3. Create personal boundaries
Creating personal boundaries is another excellent protective measure to cope with marginalization and be more resilient. Restricting your exposure to your family can enable you to move ahead and start fresh. You can do this by either physically moving away from your family or limiting what and how much your family members know about your personal life. Establishing psychological and physical boundaries is a great way to protect yourself from emotional and mental pain.
Elizabeth adds “Creating physical distance from the family by moving away or limiting face time tends to protect black sheep from future interactions that are marginalizing. Other black sheep simply restrict what they talk about with their family.”
4. Lessen the impact of marginalization
In the study, participants who are black sheep in the family claimed that they downplay the marginalization experience. This resilience strategy enables them to understand their negative experiences better. You can even reduce the importance of family relationships to look at the marginalization from a different perspective. “You can change the meaning of your marginalization by changing the way you think about it,” says Elizabeth.
“Some black sheep insist that their marginalization does not bother them. They do this by reducing the influence their family relationships have on their lives… For these black sheep, family opinions become less valuable over time,” she adds.
5. Be your authentic self
Irrespective of whether your family approves of your lifestyle of choices, live your life as genuinely as possible. The study found that participants claimed to be true to themselves despite their family’s disapproval. However, the researcher observed there was an underlying anger in the respondents which was effectively used in accomplishing productive life goals. Moreover, it was also found that the participants became proud of what they were marginalized in the first place whether it was their choices, values, or sexual identity.
Elizabeth Dorrance Hall writes “These black sheep decided that being true to who they are was more important than fitting into a mold determined by their parents. Despite knowing the consequences of being different and going against their family’s wishes, these black sheep were proud, and valued their identities over their family’s acceptance of them.” So make sure you are always true to yourself no matter what the cost is.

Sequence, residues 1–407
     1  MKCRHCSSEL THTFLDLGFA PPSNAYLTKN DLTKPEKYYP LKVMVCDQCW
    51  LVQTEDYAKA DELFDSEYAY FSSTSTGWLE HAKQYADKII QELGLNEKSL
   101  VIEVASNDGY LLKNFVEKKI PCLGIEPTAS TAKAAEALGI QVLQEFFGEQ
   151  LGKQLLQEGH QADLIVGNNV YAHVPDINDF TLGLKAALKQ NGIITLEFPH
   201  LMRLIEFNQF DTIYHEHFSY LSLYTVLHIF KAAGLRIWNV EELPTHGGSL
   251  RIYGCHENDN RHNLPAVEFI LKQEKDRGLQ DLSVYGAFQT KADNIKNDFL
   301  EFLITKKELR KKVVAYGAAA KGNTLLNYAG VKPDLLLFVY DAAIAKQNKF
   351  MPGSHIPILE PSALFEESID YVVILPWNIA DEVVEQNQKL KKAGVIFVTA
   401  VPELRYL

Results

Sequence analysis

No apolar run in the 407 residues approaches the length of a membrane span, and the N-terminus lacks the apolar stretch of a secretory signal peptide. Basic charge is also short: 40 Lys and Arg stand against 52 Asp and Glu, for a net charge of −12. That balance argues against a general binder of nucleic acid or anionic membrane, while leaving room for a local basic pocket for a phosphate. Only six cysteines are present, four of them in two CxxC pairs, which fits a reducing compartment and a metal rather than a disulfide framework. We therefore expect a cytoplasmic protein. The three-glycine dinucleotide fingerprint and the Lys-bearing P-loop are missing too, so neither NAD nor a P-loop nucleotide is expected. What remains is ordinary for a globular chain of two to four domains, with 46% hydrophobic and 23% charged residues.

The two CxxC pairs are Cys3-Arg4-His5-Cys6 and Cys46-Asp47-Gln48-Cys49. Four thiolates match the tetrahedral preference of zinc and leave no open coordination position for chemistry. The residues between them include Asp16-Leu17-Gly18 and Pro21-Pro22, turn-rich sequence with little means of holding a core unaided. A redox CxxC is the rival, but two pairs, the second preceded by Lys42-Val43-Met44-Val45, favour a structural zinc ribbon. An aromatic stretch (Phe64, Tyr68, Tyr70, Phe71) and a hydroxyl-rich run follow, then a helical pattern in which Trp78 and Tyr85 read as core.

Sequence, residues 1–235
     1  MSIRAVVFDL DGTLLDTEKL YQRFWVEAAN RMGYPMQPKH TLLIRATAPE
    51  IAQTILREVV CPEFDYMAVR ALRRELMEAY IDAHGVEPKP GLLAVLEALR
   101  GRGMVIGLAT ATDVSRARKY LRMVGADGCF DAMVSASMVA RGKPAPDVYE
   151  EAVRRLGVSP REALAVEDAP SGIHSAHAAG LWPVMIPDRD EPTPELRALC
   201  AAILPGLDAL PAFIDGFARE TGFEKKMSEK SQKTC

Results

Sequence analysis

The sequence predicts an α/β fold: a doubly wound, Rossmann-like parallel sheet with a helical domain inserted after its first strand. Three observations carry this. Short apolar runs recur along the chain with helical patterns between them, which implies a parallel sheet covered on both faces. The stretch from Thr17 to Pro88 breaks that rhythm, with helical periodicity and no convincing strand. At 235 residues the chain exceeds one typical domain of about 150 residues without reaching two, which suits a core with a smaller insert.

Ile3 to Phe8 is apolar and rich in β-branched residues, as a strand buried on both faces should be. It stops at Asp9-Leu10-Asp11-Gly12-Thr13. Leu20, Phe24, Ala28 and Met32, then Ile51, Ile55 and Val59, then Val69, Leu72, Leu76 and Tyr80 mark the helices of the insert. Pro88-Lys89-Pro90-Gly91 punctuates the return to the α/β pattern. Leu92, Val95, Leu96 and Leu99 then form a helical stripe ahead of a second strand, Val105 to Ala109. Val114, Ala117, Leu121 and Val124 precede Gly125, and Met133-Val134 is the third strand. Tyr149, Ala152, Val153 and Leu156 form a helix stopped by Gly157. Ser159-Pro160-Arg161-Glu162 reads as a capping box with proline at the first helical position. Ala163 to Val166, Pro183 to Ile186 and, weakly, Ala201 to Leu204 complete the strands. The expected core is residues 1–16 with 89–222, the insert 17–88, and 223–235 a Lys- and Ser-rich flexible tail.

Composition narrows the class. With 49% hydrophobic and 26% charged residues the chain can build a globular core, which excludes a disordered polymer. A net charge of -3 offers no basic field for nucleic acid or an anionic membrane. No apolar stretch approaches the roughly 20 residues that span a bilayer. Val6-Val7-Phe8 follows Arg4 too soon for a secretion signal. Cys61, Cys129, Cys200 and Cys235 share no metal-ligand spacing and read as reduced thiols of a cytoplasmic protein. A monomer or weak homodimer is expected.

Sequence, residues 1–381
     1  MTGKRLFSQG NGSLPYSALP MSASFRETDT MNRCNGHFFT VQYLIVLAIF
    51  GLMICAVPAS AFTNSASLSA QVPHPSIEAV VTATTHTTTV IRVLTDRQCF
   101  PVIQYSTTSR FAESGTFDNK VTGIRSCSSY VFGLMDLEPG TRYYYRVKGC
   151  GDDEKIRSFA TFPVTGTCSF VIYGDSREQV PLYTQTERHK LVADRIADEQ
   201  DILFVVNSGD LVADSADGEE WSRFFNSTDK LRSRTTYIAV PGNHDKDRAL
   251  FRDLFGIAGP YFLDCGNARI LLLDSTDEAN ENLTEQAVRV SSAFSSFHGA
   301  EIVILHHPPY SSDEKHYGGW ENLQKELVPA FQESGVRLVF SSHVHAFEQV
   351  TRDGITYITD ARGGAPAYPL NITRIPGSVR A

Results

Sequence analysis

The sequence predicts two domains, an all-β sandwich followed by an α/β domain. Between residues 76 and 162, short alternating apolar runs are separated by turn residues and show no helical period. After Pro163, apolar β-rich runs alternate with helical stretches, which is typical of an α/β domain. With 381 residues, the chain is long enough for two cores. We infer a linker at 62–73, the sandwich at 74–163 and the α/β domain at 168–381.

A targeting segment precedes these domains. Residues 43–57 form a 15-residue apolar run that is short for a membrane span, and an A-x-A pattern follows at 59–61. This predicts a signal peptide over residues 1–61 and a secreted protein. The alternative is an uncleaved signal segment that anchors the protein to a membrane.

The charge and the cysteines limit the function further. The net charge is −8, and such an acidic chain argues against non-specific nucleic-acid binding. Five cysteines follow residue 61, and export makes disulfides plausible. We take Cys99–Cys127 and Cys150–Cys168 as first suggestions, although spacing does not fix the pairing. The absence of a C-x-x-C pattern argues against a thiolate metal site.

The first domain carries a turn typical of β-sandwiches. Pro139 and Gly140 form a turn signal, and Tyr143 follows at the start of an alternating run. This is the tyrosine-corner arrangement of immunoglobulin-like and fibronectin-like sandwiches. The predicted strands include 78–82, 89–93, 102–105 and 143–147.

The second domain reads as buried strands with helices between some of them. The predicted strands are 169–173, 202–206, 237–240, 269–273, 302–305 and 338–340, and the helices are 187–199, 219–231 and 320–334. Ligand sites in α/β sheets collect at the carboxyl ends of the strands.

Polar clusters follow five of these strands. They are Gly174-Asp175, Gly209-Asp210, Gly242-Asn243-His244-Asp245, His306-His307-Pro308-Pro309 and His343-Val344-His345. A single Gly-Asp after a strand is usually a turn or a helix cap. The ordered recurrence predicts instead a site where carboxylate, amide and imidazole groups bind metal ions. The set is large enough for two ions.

Why being a black sheep is a powerful thing
When you learn to cope with being the black sheep, you can finally start realizing it’s not all bad. Not everything is negative and dark. You will realize that along with the darkness, being the black sheep in the family can also bring some unexpected light in your life. “As with everything in life, along with a ‘shadow side’ comes a ‘light side’ which means there is actually a tremendous amount of gift, opportunity, and power that can come with living out the ‘black sheep’ archetype,” says psychotherapist Annie Wright.
Being a black sheep in the family simply means that you’re guilty of being different. And that can be a very positive thing. Although marginalization can be a painful experience, it can be a blessing in disguise as well.
Here some gifts that come along with being a black sheep or a marginalized family member:
1. You become independent
Sometimes the feelings of acceptance and belonging come with a great sacrifice. When you want your family to accept you, you need to restrict yourself from being the authentic you. You learn to hide your true self so that you can fit in. When you acknowledge your status as the black sheep in the family, you become free to live your life the way you want. As you don’t need to please anyone anymore, you can finally be true to yourself without sacrificing your beliefs and values.
2. You get more choices
Being black sheep offers you enhanced lifestyle options and choices. When you are not tied to the expectations of your family, “you have a greater opportunity to craft the life you truly want, not just the one you’re ‘supposed to have.’ You can more fully choose how you want to love, politic, work, dress, worship, and nourish and build community,” says Annie.